Tag Archives: Where the Wild Things Are

Maurice Sendak, I’ll Eat You Up I Love You So

Even more than Dr Seuss’s verbal prestidigitations and Arnold Lobel’s elegies and ironies, I love Maurice Sendak’s simple words and striking pictures.  And so, the day after his death, I’d like to address what made so many of his stories so brilliant, effective, and scary: he understood and concretized every child’s worst fear. It is primal and simple.

It is being eaten.

And so the main motif of Where the Wild Things Are is food—the meal that Max would make of his mother (an idle threat), the meal the wild things would make of Max (highly plausible, given the reiteration of terrible teeth and claws), and the return to safety at the end, where the reward is supper–not the never-seen parent–waiting, still hot. And more importantly, supper is not Max.  My kids and I had many conversations about what was in that bowl, and the way the final image violates the first commandment of Children’s Lit: Thou shalt end with the main character going to sleep, not eating, or the parents will suffer another round of “I’m hungry.”

Max’s reward for returning? Food. Pierre’s punishment for not caring? Being food–eaten by the lion, a far more effective surrogate parent than Pierre’s real mother or father, who helplessly, impotently rail against Pierre’s apathy, whereas the lion provides what in today’s parenting jargon is known as natural consequences.  You don’t care if I eat you? Fine, I’ll eat you. And behold, suddenly, Pierre has a deathbed conversion!  Even with its allusions to early Christianity’s punishment, Daniel, and Jonah, the lion’s swallowing of Pierre seems more Greco-Roman, more Goya, and more Freud than Judeo-Christian.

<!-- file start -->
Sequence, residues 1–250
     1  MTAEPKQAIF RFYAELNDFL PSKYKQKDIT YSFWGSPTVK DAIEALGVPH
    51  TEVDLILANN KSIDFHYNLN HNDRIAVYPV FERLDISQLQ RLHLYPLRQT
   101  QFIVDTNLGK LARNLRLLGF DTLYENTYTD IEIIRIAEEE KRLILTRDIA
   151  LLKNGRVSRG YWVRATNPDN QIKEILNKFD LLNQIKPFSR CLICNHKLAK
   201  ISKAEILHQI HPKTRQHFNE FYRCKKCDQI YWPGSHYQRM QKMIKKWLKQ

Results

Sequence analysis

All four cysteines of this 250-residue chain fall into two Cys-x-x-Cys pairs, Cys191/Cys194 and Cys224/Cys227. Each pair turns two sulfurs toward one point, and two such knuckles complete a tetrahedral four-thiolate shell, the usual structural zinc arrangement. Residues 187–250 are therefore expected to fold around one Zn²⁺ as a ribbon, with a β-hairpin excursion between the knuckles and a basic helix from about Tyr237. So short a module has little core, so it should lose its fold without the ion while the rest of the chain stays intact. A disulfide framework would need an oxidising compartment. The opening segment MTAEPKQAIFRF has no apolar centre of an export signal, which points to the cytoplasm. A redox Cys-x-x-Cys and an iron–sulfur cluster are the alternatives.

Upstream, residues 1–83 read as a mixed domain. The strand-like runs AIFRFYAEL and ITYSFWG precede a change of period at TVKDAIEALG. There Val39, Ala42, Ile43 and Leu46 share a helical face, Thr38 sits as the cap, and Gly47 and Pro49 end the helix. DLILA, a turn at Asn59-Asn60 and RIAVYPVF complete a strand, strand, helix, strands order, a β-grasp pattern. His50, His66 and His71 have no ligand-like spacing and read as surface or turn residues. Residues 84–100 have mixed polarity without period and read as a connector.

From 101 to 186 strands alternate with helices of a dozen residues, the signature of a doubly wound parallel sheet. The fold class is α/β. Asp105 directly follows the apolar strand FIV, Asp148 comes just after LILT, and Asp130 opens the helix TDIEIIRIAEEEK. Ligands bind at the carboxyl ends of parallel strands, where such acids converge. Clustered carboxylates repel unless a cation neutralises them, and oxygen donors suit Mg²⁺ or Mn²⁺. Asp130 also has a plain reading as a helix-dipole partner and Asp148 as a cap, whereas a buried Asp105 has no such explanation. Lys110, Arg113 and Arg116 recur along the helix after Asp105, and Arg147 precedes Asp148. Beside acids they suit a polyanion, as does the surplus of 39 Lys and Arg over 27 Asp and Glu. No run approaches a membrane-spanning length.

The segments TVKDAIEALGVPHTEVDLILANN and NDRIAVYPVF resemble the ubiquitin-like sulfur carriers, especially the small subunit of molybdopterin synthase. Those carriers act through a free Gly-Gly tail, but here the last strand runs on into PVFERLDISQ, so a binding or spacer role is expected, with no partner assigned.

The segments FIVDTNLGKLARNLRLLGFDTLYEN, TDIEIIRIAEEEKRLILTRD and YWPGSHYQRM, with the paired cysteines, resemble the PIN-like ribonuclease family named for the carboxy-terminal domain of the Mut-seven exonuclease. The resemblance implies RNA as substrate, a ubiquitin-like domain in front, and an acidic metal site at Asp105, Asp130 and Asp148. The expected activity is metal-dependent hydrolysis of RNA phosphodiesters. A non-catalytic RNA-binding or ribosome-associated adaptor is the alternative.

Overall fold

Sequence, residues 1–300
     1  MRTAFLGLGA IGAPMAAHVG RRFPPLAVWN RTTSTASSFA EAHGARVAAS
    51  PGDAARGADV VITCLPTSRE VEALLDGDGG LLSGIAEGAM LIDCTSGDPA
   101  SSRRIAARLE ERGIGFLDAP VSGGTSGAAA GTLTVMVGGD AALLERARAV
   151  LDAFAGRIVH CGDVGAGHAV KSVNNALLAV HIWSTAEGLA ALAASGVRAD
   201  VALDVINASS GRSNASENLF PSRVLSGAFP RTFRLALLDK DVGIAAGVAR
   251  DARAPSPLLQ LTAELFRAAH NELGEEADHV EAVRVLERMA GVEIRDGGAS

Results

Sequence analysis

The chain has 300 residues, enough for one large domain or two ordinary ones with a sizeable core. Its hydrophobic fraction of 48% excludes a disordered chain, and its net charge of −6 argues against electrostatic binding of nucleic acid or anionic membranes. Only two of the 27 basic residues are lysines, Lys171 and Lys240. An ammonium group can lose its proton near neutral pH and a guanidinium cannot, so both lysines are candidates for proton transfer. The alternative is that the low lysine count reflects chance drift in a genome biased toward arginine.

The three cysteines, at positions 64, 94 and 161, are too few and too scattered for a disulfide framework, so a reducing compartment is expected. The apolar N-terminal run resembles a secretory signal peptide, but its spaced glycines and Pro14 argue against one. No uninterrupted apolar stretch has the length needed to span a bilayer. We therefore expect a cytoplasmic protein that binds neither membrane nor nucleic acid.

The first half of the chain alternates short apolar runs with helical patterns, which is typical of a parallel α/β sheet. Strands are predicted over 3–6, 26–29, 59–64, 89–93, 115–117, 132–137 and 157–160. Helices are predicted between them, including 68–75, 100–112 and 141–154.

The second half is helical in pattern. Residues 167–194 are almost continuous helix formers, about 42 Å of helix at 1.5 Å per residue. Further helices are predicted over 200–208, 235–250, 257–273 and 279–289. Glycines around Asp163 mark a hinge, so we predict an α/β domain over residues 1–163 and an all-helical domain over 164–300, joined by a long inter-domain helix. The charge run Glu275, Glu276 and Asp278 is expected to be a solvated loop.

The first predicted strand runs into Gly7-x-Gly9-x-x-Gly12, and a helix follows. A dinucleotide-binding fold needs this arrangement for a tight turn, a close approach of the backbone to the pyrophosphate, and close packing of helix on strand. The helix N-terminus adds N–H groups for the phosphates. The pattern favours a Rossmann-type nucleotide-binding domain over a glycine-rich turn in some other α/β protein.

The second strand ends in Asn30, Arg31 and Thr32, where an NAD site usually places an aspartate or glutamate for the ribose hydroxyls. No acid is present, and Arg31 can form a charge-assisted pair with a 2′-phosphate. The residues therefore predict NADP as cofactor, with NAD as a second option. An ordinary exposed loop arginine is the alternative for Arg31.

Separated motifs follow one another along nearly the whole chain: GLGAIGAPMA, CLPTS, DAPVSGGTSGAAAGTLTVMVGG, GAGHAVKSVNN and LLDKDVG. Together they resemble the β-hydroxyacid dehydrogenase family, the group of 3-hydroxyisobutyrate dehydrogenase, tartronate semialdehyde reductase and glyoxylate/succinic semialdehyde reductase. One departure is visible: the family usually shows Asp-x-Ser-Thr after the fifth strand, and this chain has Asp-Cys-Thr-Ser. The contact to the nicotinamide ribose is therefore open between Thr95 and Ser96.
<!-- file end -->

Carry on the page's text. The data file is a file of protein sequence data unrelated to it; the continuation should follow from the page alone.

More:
Maurice Sendak

And who can forget Mickey, of In the Night Kitchen fame, put in the oven by triplicate cooks with matching Hitler mustaches?  The book raised eyebrows for its full frontal, um, Mickey, but its Holocaustic humor still seems beneath the radar.  A children’s book in the form of a comic decades before Diary of a Wimpy kid cashed in, In the Night Kitchen still strikes me as Sendak’s most dream-like and most nightmarish, the continued and sustained childhood fear that all of those seemingly loving culinary parental nicknames—Sugar, Honeycakes, Sweetie-pie, or, in the case of my daughter, Smooshy Cookie and, later, Pickles—are not metonyms at all but veiled threats.  I’ll eat you up I love you so. As Mickey’s parents slumber unknowingly, Mickey is, to switch from Jewish fear to Christian theology, being transfigured into food.  That he turns out to solve the mystery of why we have cake every morning, or that Pierre survives the lion’s belly, or that Max’s supper is waiting for him, still hot, are the feel-good endings that prolong the benevolent mysteries of childhood.